Futtsu-city, located about a one-hour drive from the city center, faces Tokyo Bay and offers a tranquil setting with a range of mountain and sea activities, including the Minami Boso National Park, Futtsu Cape, and Mt. Nokogiri.
When planning this villa, it was considered that it should be built using traditional wood construction methods, which differ from the large, open designs often associated with "villa." Traditional construction methods make it challenging to achieve expansive, column-free openings, and the resulting scale tends to resemble regular residential houses.
Within these constraints, I wanted to approach the concept of a vacation home by exploring the question, "What distinguishes a home from a vacation home?" Elements that create the essence of a vacation home include a strong connection with the surrounding environment and a sense of spaciousness. To achieve this, outdoor features such as a pool and a pergola are integrated into the surrounding environment, treated as integral parts of the design, and given equal consideration as room layout.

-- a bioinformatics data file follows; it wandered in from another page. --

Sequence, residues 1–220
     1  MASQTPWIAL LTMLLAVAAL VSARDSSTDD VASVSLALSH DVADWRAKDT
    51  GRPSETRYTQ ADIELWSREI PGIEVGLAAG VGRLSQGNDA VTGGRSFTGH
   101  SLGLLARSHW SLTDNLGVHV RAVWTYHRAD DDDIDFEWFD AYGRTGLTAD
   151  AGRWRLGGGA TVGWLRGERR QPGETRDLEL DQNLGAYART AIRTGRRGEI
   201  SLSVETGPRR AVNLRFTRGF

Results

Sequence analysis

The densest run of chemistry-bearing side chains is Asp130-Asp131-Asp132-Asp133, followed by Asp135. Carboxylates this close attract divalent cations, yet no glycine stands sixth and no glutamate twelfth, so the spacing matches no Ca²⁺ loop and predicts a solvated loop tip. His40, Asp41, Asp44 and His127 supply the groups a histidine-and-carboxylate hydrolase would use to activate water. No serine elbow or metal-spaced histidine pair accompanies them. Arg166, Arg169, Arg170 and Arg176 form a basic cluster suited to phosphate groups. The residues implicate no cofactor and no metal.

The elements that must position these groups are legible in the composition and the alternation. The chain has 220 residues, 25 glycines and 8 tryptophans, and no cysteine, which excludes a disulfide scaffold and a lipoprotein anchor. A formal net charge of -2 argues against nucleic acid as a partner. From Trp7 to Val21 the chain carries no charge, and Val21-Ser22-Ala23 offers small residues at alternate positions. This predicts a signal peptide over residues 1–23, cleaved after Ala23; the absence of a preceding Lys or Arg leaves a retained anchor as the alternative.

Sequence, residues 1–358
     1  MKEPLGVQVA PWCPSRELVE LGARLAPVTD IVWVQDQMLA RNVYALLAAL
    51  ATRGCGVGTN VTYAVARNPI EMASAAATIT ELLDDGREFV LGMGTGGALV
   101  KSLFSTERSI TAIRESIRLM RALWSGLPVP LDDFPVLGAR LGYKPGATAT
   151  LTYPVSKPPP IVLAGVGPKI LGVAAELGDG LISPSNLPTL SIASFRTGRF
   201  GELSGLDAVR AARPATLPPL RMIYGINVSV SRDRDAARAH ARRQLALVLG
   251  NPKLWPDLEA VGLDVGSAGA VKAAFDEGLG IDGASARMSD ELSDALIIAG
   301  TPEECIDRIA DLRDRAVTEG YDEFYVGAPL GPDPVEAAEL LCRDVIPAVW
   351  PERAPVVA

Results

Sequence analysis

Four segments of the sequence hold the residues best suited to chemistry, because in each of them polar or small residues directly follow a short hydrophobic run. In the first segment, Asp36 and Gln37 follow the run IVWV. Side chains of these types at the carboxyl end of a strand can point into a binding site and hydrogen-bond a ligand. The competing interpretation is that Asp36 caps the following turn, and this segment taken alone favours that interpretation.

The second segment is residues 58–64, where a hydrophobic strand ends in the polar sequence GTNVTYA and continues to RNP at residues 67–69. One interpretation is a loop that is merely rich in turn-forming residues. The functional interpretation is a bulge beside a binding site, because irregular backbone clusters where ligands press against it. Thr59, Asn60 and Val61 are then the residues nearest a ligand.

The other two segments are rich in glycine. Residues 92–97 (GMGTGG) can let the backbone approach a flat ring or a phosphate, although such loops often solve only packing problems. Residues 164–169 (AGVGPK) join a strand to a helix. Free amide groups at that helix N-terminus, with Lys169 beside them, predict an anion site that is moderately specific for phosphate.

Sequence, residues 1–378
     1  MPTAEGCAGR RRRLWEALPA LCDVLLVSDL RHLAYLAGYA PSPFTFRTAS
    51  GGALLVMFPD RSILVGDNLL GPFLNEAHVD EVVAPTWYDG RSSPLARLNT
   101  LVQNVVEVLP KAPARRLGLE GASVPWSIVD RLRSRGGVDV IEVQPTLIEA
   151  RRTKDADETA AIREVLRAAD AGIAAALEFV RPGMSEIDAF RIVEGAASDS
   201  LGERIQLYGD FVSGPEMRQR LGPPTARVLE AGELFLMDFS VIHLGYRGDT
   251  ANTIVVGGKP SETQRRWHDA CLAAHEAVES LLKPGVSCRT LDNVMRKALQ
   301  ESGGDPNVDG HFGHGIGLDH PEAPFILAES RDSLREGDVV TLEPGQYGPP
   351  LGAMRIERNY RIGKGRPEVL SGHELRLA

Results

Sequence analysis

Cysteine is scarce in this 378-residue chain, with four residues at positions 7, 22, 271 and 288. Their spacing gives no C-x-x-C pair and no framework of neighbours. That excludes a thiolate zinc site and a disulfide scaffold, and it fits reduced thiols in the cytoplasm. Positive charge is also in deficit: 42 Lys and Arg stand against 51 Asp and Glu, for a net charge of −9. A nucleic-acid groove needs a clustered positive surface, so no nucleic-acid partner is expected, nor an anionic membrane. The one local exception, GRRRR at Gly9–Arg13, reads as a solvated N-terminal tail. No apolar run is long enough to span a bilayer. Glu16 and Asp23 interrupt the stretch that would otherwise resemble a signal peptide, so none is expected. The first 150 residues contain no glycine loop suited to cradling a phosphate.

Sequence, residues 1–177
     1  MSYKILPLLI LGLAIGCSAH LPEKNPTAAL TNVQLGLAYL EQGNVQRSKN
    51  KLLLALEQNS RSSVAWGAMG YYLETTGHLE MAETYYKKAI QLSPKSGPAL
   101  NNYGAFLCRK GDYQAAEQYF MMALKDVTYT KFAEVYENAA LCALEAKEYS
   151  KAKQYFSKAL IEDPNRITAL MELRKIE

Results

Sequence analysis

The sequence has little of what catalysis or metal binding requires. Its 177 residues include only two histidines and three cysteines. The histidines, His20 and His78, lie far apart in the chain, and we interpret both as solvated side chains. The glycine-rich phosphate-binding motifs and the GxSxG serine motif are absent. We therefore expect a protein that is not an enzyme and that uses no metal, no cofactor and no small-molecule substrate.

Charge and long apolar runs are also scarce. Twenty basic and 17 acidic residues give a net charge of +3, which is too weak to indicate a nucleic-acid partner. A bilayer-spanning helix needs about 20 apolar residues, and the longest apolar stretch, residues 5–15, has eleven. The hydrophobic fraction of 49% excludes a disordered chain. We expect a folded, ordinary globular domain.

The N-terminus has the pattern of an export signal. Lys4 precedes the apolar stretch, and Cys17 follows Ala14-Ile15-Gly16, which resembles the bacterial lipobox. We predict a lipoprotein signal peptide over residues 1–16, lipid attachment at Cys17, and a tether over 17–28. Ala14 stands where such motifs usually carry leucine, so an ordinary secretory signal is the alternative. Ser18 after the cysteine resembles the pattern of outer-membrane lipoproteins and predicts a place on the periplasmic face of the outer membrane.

Each room is planned as a separate structure, connected by a roof, creating a sense of spaciousness not typically found in regular homes. This spaciousness serves as a pathway for sea breezes and functions as a buffer zone that allows for just the right amount of sunlight. Using traditional wood construction methods, this project aims to create a unique resort-style space distinct from typical wooden houses.
Location：Futtsu-city, Chiba prefecture